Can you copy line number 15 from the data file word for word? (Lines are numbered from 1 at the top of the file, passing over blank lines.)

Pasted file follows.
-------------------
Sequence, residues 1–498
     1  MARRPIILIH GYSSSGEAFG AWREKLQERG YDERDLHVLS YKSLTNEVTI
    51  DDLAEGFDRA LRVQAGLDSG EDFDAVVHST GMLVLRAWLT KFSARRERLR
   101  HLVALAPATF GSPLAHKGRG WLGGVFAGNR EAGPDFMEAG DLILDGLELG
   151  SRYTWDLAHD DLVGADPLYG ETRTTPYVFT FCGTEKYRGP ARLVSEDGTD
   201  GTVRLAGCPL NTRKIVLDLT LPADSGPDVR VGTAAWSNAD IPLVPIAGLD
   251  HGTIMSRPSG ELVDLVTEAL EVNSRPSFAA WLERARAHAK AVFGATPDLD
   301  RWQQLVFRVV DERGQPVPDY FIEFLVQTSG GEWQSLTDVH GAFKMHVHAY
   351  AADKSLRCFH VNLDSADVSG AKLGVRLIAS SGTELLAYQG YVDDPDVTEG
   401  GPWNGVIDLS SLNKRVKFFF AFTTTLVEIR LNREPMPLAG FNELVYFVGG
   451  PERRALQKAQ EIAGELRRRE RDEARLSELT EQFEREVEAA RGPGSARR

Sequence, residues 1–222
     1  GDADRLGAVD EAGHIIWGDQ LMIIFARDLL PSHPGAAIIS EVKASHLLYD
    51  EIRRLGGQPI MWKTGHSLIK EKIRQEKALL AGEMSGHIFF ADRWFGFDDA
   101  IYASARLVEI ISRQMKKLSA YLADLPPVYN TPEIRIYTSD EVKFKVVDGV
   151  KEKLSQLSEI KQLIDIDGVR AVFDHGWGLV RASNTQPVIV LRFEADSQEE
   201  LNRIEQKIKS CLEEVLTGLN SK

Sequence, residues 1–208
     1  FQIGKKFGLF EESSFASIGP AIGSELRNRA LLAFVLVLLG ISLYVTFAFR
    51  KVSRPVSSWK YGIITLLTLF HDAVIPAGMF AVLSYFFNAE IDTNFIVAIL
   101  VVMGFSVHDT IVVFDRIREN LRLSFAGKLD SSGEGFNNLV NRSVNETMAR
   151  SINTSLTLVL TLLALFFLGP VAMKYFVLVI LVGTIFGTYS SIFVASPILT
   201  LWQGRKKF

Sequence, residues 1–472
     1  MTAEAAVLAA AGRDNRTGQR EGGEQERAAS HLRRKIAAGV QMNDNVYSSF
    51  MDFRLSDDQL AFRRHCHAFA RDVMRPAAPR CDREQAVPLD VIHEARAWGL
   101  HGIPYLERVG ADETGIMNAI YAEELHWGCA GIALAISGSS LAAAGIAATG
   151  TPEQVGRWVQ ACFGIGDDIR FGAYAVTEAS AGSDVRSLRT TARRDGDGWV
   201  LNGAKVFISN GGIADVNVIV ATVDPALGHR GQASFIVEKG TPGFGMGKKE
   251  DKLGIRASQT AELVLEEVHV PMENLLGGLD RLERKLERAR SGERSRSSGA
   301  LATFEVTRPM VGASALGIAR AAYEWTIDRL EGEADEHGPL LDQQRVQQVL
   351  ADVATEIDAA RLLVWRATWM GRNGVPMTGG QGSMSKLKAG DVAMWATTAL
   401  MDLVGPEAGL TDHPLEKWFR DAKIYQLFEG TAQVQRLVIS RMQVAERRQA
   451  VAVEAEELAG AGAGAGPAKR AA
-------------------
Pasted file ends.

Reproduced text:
   101  IYASARLVEI ISRQMKKLSA YLADLPPVYN TPEIRIYTSD EVKFKVVDGV